A reader who is interested in reading Jayaram Ramesh’s story about the light of Asia may inevitably feel the desire to find out more about Indian society in general, including its education, ancient Indian literature, and religious background. Through this, the reader is encouraged to think about the light of Asia in other dimensions. In fact, there is no end to Jayaram’s work, it is only a beginning. He concludes his essay thus: “The life of the Buddha has become a permanent part of the mind of every Indian. We do not realize how much the popular imagination of those lives has been shaped by the light of Asia.” Isn’t the author saying that there is more to explore about the light in Asia?
This book by Jayaram is important to be read by every Sri Lankan, not only by every Sri Lankan Buddhist, whether they have not read the light of Asia, heard about it or not. Jayaram does not say that the light of Asia had a great impact on the Western world and India, but it had that much impact on Sri Lankan society. It may be because the majority of Sri Lanka were Buddhists, although the number of Buddhists in India was less than ten thousand when the light was shining in Asia. Also, despite the influence of the emperors and the expansion of the missionaries, the Buddhist order remained intact and a fight against the missionaries had started due to the order. The Light of Asia was translated into Sinhala in 1955 by Vinnie Vitharana as “Asiyany eliya “ ( Asia light ) and in 1959 by DJ Doluweera as “peradigu eliya(Eastern Light). This may be the reason why it has taken so long for the light of Asia, which has spread like madness all over the world, to be translated into Sinhala.
Jayaram mentions that since 1925, the Colombo Young Buddhist Association has been conducting an English speaking competition called Light of Asia and there is a non-profit foundation established in that name. Even so, none of these things seem to have inspired any interest in the Sri Lankan society or to think further about Buddhism or its essence. Because of this, it is doubtful how many Buddhists in this country know about Arnold or his Light of Asia. It is in that situation that Jayaram’s work is published in Sinhala.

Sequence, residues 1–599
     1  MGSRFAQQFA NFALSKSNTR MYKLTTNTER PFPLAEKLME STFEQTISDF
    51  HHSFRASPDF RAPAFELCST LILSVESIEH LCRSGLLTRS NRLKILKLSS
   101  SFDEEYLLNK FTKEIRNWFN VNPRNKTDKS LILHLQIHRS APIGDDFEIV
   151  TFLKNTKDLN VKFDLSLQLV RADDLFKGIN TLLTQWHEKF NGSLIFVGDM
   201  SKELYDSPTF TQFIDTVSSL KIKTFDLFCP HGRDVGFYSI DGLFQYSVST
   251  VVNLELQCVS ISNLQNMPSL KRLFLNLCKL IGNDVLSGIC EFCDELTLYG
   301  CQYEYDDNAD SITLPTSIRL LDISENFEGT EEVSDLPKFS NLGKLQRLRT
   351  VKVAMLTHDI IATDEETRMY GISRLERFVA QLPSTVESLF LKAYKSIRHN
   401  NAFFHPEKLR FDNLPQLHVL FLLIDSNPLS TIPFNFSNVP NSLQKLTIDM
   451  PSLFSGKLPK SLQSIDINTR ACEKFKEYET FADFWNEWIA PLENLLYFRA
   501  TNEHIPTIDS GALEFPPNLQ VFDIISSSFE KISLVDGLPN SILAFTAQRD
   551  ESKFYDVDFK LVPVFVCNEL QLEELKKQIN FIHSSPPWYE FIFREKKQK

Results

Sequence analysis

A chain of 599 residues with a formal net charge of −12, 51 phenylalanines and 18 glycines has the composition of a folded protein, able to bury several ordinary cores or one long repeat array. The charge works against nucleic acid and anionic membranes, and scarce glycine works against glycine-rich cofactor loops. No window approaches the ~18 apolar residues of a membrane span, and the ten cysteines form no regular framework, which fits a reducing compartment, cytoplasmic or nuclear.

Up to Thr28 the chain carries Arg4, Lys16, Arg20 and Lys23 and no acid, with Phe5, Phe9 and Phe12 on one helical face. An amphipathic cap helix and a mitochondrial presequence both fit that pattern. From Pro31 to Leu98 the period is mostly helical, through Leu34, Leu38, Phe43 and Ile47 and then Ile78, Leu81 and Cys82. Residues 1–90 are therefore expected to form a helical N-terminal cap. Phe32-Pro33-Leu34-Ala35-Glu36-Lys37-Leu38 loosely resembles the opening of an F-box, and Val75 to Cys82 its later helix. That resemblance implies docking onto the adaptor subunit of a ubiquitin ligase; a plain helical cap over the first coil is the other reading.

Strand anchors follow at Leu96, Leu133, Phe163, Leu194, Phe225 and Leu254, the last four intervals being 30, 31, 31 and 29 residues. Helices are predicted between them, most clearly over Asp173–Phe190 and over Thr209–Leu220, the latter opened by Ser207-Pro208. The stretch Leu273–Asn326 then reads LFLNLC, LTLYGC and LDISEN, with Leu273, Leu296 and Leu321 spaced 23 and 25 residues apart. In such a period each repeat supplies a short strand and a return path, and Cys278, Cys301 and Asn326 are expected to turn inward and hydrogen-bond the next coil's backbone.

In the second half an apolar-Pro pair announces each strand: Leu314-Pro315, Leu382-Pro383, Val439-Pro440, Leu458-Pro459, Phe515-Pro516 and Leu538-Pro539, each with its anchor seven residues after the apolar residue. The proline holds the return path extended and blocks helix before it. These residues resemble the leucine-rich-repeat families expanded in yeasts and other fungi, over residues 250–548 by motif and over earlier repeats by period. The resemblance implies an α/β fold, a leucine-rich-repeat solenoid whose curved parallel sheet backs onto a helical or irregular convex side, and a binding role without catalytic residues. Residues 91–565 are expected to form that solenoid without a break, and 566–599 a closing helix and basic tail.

On the other hand, Sri Lanka is considered to be the foremost of the few countries with ‘pure’ Buddhism or Theravada. More than seventy-five percent of the country’s people are Buddhists. But it is a difficult question to answer how many of these people have properly understood the teachings of the Buddha. Contradictions abound in Buddhists as well as in the Buddha Sasana. In fact, there is no mistake in saying that Sri Lankan society is currently in a position where a book like Light of Asia should be read from the beginning.
To find the correct Buddhism. Jayaram’s book is a good start for that. Even in the Victorian era, if we understand how popular Buddhism was in the world, why famous people who guided the world were so fascinated by Buddhism, we can understand where we are and what we are doing today.
Even if the essence of Buddhism is not found through the light of Asia, the Buddhists of this country who read Jayaram’s work will be able to understand how much hard work they have done to make Bodhgaya a treasure that they worship or see with great devotion. The most important thing that Buddhists in this country should get from reading is that Buddhism and the Buddha are heritage objects not only for Sri Lanka or Sinhala Buddhists but also for the entire world and the global human community.
Nonetheless, it is somewhat problematic whether the average reader in this country or the average devout Buddhist will be able to absorb the essence of Jayaram Ramesh’s work in the same way. Although Jayaram Ramesh’s work is a biography about a book, it is not just a story but a narrative with the characteristics of academic research. Therefore, learning its language is inevitable. We know that translating such a work into another language is a very challenging task. The translator can never go beyond and avoid the original work because his use of language is simultaneously limited.
In this context, the reader who is used to reading academic writings will not find it difficult to read such a book, but it is unlikely that the average reader will take so much effort to read this book. Thus, it is a question how much they will understand its content even if they read it with difficulty.